The United States And The Civil War

1565 WordsFeb 10, 20157 Pages
The lives that we live and the freedoms that we have today may be considered great for the majority of our population. This could be attributed to the history of the United States and the civil war. What would our country be like if the Confederacy won the war? How would our lives be impacted and what freedoms would we have today if that were the case? What if the major Union victories were actually Confederate victories? The following is just an idea of what potentially could have happened if this were the case. There was intense fighting that occurred throughout the United and Confederate States of America ranging from Texas and as far north as Pennsylvania as well as Naval battles Atlantic Ocean and a few in the Gulf of Mexico. Coupled…show more content…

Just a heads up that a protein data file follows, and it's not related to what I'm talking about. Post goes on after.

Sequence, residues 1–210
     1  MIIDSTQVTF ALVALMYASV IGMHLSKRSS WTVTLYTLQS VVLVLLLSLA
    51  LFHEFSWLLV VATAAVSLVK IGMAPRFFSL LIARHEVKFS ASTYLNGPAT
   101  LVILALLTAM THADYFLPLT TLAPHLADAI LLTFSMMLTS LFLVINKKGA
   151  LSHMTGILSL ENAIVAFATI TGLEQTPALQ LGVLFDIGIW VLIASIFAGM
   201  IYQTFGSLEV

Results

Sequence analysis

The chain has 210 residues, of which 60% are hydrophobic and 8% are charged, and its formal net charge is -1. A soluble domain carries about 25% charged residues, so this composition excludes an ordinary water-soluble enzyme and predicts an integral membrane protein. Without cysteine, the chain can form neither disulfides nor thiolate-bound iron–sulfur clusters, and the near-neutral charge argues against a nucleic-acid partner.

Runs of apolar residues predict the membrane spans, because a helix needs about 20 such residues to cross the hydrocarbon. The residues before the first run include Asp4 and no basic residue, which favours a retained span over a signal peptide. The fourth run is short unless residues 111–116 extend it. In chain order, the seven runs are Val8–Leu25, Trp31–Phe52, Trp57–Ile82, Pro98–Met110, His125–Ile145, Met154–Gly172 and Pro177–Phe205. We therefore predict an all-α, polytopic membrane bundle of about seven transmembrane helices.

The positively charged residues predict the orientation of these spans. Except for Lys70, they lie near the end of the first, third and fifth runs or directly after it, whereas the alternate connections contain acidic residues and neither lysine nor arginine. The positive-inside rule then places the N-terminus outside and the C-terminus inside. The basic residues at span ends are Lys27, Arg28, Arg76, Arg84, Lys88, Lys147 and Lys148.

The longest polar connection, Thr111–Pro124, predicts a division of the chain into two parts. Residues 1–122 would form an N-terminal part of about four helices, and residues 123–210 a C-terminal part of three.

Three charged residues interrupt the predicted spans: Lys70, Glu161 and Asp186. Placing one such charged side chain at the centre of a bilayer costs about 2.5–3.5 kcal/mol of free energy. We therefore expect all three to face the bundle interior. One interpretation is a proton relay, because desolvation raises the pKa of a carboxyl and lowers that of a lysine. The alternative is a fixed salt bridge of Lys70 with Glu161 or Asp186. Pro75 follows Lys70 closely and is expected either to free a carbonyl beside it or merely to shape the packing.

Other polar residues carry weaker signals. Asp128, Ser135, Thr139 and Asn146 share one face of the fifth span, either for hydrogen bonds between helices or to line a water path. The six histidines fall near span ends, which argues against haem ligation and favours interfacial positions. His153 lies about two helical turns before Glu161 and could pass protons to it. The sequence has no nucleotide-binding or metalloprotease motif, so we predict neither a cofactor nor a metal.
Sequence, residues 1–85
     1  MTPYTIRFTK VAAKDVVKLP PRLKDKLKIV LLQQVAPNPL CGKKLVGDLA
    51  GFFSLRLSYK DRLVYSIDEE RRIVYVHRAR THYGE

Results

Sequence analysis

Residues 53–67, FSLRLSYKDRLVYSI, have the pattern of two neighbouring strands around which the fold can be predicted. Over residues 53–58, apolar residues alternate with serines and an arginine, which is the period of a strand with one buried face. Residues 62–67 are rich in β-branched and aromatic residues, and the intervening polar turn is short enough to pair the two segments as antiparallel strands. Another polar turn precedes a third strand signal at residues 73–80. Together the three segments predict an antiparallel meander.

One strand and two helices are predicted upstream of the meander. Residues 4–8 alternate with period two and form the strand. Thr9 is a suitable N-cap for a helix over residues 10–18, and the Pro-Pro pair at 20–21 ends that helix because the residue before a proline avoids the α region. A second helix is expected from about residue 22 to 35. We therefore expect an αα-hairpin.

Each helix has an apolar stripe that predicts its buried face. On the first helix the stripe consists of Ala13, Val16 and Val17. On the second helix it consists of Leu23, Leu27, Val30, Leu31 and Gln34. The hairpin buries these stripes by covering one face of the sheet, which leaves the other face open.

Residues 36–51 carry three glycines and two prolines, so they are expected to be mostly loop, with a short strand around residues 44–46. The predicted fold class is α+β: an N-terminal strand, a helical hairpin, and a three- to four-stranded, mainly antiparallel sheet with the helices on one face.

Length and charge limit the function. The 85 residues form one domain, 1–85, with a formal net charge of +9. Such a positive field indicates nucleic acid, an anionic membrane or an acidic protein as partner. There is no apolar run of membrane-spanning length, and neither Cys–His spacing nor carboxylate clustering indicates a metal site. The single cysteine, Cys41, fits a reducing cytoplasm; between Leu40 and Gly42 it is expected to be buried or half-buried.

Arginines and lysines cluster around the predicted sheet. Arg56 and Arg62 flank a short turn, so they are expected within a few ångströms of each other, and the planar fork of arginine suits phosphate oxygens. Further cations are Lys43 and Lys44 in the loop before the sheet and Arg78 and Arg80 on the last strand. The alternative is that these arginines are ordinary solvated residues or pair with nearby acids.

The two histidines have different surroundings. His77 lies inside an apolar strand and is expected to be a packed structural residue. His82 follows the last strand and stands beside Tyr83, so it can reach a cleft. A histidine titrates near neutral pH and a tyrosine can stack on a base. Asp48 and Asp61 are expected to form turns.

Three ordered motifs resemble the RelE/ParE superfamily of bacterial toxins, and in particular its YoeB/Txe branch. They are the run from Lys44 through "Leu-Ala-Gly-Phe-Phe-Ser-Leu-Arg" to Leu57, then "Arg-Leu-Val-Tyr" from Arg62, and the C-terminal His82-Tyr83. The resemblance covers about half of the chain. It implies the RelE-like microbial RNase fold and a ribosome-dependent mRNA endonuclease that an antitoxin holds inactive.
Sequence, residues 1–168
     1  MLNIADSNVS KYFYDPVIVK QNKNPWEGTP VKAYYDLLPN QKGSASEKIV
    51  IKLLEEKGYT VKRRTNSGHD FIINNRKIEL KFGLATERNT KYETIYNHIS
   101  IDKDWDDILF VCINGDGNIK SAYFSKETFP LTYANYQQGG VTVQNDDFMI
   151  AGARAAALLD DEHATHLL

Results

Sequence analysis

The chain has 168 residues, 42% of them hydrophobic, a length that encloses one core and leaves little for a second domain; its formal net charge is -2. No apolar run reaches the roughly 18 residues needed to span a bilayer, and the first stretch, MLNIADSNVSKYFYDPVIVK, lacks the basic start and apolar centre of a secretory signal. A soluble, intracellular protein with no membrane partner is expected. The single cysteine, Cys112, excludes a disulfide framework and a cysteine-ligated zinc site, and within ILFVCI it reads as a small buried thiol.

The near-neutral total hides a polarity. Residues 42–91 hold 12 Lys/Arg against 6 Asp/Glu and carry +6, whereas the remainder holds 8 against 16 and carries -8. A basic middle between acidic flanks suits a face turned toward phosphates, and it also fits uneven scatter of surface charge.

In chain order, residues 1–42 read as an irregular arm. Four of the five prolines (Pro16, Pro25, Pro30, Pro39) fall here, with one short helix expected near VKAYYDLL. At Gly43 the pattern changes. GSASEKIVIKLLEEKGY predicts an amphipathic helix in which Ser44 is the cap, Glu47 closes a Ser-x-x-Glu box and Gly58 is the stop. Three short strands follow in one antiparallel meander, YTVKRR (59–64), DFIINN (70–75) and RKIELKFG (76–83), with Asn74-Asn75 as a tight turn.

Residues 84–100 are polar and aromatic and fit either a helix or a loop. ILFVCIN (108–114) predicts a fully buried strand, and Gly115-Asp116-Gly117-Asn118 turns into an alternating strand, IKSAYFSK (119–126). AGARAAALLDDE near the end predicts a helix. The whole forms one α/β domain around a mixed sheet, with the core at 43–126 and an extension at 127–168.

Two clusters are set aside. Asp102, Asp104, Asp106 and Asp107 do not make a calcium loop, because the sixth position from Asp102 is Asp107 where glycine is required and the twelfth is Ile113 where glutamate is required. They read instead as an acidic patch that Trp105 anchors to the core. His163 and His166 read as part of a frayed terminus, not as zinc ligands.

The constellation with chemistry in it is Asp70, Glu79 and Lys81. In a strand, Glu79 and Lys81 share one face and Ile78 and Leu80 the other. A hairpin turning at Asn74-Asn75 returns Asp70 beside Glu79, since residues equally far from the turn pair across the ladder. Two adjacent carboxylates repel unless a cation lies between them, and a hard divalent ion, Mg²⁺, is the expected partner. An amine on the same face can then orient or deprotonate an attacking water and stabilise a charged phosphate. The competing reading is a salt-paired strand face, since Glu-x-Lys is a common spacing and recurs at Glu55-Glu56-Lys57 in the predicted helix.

If the Confederate Army had been in control, the slaves would have eventually been freed due to the Emancipation Proclamation established by Abraham Lincoln in 1863. The battle of Fort Donelson took place in Tennessee during February of 1862. The significance of this battle was that Fort Donelson was considered to be the heart of the Confederacy. Fort Donelson was a Confederate built fortress used to control the Cumberland River. Fort Donelson was quickly over-run by General Ulysses S. Grant and Union Forces. If the fighting at Fort Donelson were reversed, the Union would not be able to use the fort as a staging area and would not allow them to advance the front lines in their favor. With the Confederate Army occupying Fort Donelson, they would be able to have a central point to bring casualties, make plans for future battles in the area, and house their soldiers allowing for higher morale and a better rested fighting force. Remaining in control of Fort Donelson would also allow for the Confederate to have better vantage points for potential Union attacks. Virginia was the location of the Battle of Bull Run and the Battle of Appomattox Courthouse, which were the first and last battles of the American Civil War. Virginia was also the home of the Confederate capital, Richmond. The majority of the notable battles in Virginia were Confederate victories, until around 1864-1865 when Richmond was set ablaze by the retreating Confederate soldiers during a Union

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